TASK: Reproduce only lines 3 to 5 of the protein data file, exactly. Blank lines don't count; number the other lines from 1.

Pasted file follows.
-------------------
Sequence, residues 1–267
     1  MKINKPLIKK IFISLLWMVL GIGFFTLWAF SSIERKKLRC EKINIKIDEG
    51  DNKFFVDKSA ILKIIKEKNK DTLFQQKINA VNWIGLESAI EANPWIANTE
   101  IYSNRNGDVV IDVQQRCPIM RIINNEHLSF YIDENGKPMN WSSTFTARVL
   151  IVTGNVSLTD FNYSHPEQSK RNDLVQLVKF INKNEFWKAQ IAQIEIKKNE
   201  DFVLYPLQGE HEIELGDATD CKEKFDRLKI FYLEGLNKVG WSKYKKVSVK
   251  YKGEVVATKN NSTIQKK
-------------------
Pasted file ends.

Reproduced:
    51  DNKFFVDKSA ILKIIKEKNK DTLFQQKINA VNWIGLESAI EANPWIANTE
   101  IYSNRNGDVV IDVQQRCPIM RIINNEHLSF YIDENGKPMN WSSTFTARVL
   151  IVTGNVSLTD FNYSHPEQSK RNDLVQLVKF INKNEFWKAQ IAQIEIKKNE